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Jun 13, 2024, 8:51am EDT
politicsEurope
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Semafor Signals

Macron asks France to reject ‘extremist fever’ as center-right party leader forges pact with far-right

Insights from Le Monde, The Nation, and Politico

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Reuters/Stephane Mahe
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French President Emmanuel Macron urged voters to reject “extremist fever” in favor of the middle ground as the country’s main center-right party’s leader forged a clandestine deal with the far-right ahead of a snap election later this month.

Les Républicains voted to oust Éric Ciotti as leader after saying he held “secret negotiations” to unite with Marine Le Pen’s National Rally “without consulting” party members. Ciotti meanwhile insisted on Thursday that he was still the party leader.

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SIGNALS

Semafor Signals: Global insights on today's biggest stories.

Le Pen had been waiting to fuse the far-right and right

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Sources:  
Le Monde, European Council on Foreign Relations , Politico

Ciotti’s alliance claim marked a “dangerous surrender” to the far-right, which Marine Le Pen has been waiting for, Le Monde argued. But Macron may also be to blame: His decision to call an election when the NR was at its strongest and Les Républicains comparatively weak “created the conditions of [the center-right’s] death sentence.” This could be France’s so-called “Brexit moment,” where Macron’s gamble will unleash a new Eurosceptic dawn for France, a professor of European studies argued in the European Council on Foreign Relations. But the Brexit comparison is a little false, a former Paris correspondent wrote in Politico, because although Britain’s departure did some damage to the EU, a French de facto defection under Le Pen could be “mortal.”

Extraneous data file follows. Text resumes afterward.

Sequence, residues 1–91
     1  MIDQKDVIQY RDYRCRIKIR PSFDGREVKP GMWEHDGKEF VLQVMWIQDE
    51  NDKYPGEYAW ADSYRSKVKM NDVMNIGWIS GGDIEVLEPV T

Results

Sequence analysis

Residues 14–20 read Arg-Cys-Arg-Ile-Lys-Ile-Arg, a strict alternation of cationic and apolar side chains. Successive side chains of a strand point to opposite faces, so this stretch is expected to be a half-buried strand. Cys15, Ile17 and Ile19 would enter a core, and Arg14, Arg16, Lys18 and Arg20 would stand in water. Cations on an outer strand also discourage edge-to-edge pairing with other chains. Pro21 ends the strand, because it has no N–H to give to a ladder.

The left is trying to organise, but internal squabbling persists

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Sources:  
The Financial Times , The Nation

France’s left-wing parties are “usually fractured,” but their success in hashing out a new alliance, Front Populaire — named after the short-lived interwar coalition of French leftist factions that won an election in 1936 but dissolved two years later — is a sign of the times, the Financial Times reported. Yet behind its show of unity lurk fundamental disagreements on key geopolitical issues, and unrest is brewing over the prospect of controversial far-left France Unbowed leader Jean-Luc Mélenchon taking a pivotal role in the alliance. If the left manages to survive this uphill battle, however, it could “provide a much-needed boon of electability and enthusiasm,” and puncture the “illusion” that French voters have only Macron and the National Rally to choose between, a columnist argued in The Nation.

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